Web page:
Aboriginal people maintain that they have inhabited the continent since time immemorial. Archaeological evidence suggests that they have lived throughout the continent for at least 50 000 and up to 120 000 years (McGraw 1995). This length of occupation makes Aboriginal peoples the longest continuous civilisations in the world. Refer back to Chapter 9 where it was argued that Australia was a multicultural society long before the coming of Europeans because the continent was occupied by up to 500 different language groups. Refer back to the definitions of culture — language is an important indicator of culture. Consequently, there were many differences between the traditional custodians of Australia. However there was also a range of similarities. For example, all Aboriginal groups were hunters and gatherers who followed a seasonal pattern of migration across their well-defined territory (see Berndt & Berndt 1988). The nations/language groups were comprised of totemic groups, which lived in family groups and were governed by Elders. The Elders were most knowledgeable about the spiritual and physical worlds. The people’s behaviour was guided by the powers of spiritual forces, which came to them from the Dreaming (see Stanner 1979). The Dreaming represented their past, their present and their future and it was celebrated in ceremony, ritual and dance. These hunters and gatherers saw themselves as custodians of their country and while neighbours could fight, they never fought about land. Land alienation was unthinkable because the spirit of the land protected its custodians. ‘Strangers’ or visitors would be harmed unless they travelled the land with permission and knew the correct ritual to familiarise the spirits with their presence (Berndt & Berndt 1988; Elkin 1994). From all accounts (see McGraw 1995, Broome 2002), the people were healthy — their diet was rich in vegetables, grains and some protein, their hunting and gathering life style ensured that they had plenty of exercise. Indeed, when Cook first commented about the Aboriginal people he saw, he wrote that:

It would be wrong to present traditional Aboriginal societies as utopian — no doubt they were affected by natural disasters, suffered hunger and pain, illness and injustice. However, they were self-determining; they had order and security and had developed a satisfying pattern of life where food collecting would take no more than 35 hours a week (Hiatt 1970) and there was ample time for ceremony, song and dance.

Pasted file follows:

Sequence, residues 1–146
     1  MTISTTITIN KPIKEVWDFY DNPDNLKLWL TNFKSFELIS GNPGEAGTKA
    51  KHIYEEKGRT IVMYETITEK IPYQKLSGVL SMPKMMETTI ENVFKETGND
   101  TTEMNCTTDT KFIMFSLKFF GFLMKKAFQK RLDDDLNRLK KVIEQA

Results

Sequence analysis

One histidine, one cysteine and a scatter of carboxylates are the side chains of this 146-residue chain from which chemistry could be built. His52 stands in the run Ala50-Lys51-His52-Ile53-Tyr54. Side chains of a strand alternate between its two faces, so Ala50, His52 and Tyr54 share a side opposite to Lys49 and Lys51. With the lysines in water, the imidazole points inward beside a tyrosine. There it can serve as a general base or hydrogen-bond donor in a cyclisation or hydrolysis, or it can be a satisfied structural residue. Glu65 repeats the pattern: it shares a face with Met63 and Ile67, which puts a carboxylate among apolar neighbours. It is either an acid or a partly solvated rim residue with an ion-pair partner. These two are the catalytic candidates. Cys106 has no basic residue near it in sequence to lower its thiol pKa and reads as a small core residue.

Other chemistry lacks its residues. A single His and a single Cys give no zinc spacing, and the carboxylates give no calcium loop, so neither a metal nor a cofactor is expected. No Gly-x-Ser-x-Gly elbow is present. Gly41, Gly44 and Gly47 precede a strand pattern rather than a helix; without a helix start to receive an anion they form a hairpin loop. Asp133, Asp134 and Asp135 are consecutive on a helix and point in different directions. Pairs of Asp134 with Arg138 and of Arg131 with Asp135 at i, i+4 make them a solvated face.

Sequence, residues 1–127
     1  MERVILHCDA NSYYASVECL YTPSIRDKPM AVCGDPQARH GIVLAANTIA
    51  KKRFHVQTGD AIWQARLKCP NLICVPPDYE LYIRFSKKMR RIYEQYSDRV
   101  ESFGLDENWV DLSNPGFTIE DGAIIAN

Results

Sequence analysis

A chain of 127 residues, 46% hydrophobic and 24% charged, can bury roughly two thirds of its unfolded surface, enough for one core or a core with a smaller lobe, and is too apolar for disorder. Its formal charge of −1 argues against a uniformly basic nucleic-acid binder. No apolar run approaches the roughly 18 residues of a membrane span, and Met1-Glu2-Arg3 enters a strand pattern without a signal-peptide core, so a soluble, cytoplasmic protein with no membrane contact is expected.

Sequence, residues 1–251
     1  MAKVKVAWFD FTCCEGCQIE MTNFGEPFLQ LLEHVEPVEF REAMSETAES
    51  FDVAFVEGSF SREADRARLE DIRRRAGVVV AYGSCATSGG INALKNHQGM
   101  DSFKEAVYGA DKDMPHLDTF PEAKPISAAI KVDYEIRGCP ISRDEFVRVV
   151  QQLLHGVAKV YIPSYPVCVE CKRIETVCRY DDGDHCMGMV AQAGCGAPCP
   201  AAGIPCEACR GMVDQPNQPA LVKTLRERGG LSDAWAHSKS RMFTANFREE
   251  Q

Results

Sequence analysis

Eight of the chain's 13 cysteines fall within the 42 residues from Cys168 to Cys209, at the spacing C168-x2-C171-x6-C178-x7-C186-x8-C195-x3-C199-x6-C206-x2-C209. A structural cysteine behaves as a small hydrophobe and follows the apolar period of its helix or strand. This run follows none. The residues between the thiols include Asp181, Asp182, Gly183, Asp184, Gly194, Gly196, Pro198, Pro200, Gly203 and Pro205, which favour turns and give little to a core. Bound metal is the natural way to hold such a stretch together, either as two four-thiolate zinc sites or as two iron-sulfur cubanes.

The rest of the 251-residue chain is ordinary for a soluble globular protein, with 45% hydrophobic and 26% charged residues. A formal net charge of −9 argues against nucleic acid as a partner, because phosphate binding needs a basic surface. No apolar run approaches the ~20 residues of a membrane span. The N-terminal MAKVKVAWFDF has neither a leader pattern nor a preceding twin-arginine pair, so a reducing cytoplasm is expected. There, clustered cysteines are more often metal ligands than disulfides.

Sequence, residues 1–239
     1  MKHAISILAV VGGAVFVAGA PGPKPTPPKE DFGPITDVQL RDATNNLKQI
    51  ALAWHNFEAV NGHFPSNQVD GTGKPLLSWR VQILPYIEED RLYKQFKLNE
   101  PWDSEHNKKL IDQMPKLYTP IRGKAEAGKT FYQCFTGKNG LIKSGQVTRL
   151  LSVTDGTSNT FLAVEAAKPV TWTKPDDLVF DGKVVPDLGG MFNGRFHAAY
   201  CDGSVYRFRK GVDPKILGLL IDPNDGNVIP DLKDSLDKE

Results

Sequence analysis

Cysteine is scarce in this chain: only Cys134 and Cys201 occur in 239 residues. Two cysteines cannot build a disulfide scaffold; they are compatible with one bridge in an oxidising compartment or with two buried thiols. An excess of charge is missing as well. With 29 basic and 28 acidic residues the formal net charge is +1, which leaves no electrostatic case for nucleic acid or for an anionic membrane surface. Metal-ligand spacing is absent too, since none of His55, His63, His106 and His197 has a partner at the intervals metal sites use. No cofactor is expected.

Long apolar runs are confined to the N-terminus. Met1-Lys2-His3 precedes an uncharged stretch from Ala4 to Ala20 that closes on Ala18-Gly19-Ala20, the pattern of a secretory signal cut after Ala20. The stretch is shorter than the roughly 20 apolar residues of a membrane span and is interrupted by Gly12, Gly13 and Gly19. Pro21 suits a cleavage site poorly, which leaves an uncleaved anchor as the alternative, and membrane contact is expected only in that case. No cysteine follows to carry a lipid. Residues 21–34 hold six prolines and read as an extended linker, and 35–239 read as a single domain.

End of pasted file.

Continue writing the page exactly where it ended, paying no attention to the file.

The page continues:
Polynesian people settled in New Zealand between 250 and 1150 CE (Belich 1996). Known as Māori, the people were organised into hierarchical, land-owning clans, sub-tribes and tribes. Māori were agriculturalists and fishers as well as hunters. They tended to live in village style communities. Their society was divided into three groups — hereditary chiefs (rangatira) who had the authority to rule, commoners, members of the clan who traced descent to the founding ancestor, and slaves, who were either born into captivity or captured in war (Te Ara — The Encyclopedia of New Zealand 2007). Unlike Aboriginal people, then, Māori were a very hierarchical society, which practised warfare to acquire land as well as slaves. Sheppard (2005) believes that Māori life in traditional times was a struggle — food was scarce, there was much warfare, life expectancy was between 25 and 30 years, pneumonia and other respiratory diseases were common. Nevertheless, ‘In 1769 James Cook concluded that Māori were a healthy race, remarking on the great number of elderly men …’ (Sheppard 2005).

Both Aboriginal and Māori societies had a strong spiritual association with the land and the world around them. Aboriginal people have described the land as their mother — for Māori ‘the relationship of families and sub-tribes with land and other resources was integral with Māori creation beliefs, the deeds of ancestors, and other events told in tradition’ (Sheppard 2005). Further, Aboriginal and Māori people believed in the power of the spiritual world to heal and to harm. Traditional healers were revered and feared in Australia and New Zealand because of their specialised spiritual powers. This is not to say that the people were unaware of the natural causes for illness (see Reid 1982), rather, the expectation was that transgressions against the spiritual world would also be punished by ill health. Consequently traditional healers had to have knowledge of both physical and spiritual healing. Turn to Box 10.1 for an example of traditional healing practices.